Experts who study the data say that estimate can be misleading, because felons often have multiple convictions, so if one is missed, others may still alert authorities to individuals who cannot legally buy a gun. The government funded a four-year effort beginning in 2008 to try to estimate how many records existed of people who should be barred under federal law from buying a gun but aren’t flagged in the FBI system. That effort was abandoned in 2012 because of the cost. The NRA argues that the government should focus not on gun control but on making its current background-check system fully functional. “The shortcomings of the system have been identified. There just seems to be a lack of will to address them,’’ said Louis Dekmar, president of the International Association of Chiefs of Police.
Federal authorities have long complained that incomplete databases and staff shortages make it difficult to keep pace with the constant stream of required background checks. “Unless people get serious about these issues, the problem is just going to keep getting worse,” said a former federal official.
The Air Force’s failure to transmit the criminal record of Texas church shooter Devin Kelley to the FBI, which would likely have stopped the sale of a rifle used in Sunday’s massacre, highlights a longstanding flaw in the systems the U.S. government uses to restrict firearms sales and track gun ownership, USA Today reports. Federal authorities have long complained that incomplete databases and staff shortages make it difficult to keep pace with the constant stream of required background checks. Last year, the FBI official overseeing the National Instant Criminal Background Check System was forced to transfer personnel from construction projects and units gather crime statistics to keep up with background checks as the office processed a record 27.5 million checks. At the Bureau of Alcohol Tobacco Firearms and Explosives’ National Tracing Center, shipping containers and cardboard boxes brimming with un-examined paper purchase records have languished in hallways and in the center’s parking lot awaiting transfer to an electronic system.
“Unless people get serious about these issues, the problem is just going to keep getting worse,” said Michael Bouchard, a former ATF official. “Sometimes, it gets beyond the point of ridiculous.” The rifle used in Sunday’s assault, which left 26 dead, was quickly traced to Kelley. By then, it was too late: The troubled airman’s 2012 court martial and conviction on domestic violence charges for assaulting his wife and attacking his 1-year-old child was not transmitted to the FBI. The database relies on voluntary record submissions from law enforcement agencies to guard against unauthorized firearm purchases. “Many of the challenges that we have long faced have not gone away, nor will they go away,” said Stephen Morris, a former FBI official who oversaw the vast background check operation in West Virginia. “Like they say: Garbage in, garbage out.”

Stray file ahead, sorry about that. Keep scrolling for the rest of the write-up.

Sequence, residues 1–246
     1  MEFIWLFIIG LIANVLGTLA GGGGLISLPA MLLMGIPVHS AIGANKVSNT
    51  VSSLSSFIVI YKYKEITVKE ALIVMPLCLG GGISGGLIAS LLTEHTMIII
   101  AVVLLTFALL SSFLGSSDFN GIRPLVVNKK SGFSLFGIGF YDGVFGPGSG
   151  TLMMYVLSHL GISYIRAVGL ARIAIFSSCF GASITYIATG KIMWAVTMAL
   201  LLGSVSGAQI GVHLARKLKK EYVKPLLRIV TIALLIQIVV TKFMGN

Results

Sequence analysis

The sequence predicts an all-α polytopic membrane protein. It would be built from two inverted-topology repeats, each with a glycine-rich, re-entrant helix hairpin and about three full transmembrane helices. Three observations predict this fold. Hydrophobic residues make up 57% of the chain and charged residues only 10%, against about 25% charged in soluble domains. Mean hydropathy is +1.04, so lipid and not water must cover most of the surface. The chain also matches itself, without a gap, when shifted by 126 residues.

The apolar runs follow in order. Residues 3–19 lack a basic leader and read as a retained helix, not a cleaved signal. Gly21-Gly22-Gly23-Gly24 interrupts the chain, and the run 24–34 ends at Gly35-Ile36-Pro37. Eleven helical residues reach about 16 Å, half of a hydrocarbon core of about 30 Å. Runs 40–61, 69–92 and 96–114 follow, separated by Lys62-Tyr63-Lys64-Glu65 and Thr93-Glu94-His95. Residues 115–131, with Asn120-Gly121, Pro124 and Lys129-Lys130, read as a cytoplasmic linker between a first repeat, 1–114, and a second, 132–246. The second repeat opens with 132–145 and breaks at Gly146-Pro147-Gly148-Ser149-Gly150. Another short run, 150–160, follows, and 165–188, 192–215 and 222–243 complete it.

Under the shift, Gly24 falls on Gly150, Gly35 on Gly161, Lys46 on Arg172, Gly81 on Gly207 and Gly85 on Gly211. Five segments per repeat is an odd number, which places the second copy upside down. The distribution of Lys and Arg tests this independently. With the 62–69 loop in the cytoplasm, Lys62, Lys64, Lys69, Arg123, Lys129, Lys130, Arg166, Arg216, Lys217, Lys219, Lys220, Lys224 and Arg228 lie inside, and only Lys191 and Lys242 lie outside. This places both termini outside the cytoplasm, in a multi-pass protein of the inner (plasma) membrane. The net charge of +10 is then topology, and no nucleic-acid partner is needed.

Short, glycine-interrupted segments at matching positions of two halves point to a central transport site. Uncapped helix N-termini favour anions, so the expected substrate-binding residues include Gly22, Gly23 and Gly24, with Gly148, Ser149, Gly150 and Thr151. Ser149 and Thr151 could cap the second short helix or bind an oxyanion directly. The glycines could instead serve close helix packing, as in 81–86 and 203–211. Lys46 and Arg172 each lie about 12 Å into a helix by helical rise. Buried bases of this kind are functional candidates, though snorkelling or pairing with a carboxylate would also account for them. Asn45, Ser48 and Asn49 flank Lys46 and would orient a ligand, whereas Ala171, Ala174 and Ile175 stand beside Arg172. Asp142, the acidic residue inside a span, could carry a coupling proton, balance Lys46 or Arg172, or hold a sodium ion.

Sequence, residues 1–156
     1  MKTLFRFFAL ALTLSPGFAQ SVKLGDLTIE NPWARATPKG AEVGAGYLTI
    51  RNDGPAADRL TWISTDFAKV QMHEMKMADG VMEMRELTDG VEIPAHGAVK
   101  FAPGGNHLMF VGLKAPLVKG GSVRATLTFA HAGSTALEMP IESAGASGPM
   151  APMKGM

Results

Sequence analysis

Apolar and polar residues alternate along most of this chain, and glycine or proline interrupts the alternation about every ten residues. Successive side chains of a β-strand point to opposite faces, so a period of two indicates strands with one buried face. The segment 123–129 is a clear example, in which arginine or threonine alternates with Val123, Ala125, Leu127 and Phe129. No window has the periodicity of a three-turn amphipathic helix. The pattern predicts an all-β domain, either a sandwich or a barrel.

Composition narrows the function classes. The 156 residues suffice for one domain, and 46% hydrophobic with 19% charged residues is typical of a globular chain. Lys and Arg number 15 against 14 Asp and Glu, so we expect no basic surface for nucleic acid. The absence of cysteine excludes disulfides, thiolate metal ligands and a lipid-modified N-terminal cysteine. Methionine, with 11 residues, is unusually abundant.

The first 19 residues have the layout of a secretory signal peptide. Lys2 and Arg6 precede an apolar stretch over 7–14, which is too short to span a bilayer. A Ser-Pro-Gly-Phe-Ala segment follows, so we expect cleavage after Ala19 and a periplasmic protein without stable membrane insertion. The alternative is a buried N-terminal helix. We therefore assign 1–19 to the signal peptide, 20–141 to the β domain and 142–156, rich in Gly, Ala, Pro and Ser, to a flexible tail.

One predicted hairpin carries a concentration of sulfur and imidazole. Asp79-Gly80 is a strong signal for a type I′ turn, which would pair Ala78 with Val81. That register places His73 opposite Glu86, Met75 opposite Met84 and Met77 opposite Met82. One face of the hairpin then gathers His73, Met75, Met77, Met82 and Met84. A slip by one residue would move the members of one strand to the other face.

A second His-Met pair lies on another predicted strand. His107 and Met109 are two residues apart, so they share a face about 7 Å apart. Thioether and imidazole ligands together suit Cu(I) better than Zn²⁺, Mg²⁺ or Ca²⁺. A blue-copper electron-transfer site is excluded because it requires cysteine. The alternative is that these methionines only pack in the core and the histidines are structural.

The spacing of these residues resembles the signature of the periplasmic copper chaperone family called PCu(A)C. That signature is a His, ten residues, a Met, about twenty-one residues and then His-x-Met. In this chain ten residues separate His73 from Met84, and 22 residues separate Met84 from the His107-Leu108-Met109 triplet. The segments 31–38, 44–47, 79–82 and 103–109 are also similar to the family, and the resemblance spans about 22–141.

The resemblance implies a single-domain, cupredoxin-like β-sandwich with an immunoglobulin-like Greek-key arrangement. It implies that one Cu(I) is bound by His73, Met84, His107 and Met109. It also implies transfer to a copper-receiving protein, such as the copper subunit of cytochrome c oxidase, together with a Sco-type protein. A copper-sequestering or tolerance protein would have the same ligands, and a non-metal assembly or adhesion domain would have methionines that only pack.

Some Texans wish an armed churchgoer could have stopped gunman Devin Kelley last Sunday, but criminologist James Alan Fox says that could have added to the bloodshed.
Beginning with the 1966 tower shooting at the University of Texas through Sunday’s church bloodshed, three mass shootings have taken place in the Lonestar State, where guns are as much a part of the local culture as barbeque and Friday night high school football, criminologist James Alan Fox of Northeastern University writes in USA Today. According to the USA Today database of mass murders since 2006, 8 of the 50 shooting rampages with at least six victims killed happened in Texas, more than in any other state. This share of incidents is nearly twice the Lone Star state’s share of the U.S. population. In Texas, gun toting — both concealed and open carry — is commonplace.
Suzanna Gratia Hupp helplessly watched her parents die along with 21 others when an assailant drove his pickup truck through the plate glass window at the Luby’s Cafeteria in Killeen, and started firing with a pair of semiautomatic pistols. Hupp was barred by law from carrying guns concealed inside pocketbooks or clothing. She was later elected to the Texas legislature, where she successfully pushed for expanded concealed carry provisions. The right to carry a loaded weapon in church did nothing to prevent Sunday’s tragedy. What would have happened had someone inside the church had the weaponry to fire back at Devin Kelley is an open question. Whereas Kelley was prepared, including wearing a bullet resistant vest, the congregation was caught by surprise. Would someone have been able to intervene without adding to the bloodshed in some wild shootout? There are countless instances in which armed citizens have successfully defended themselves or others when confronted by an attacker wielding a gun. There are also cases, including dozens of mass shootings, in which a person licensed to carry concealed weapon has used that firearm in an offensive, rather than defensive, manner.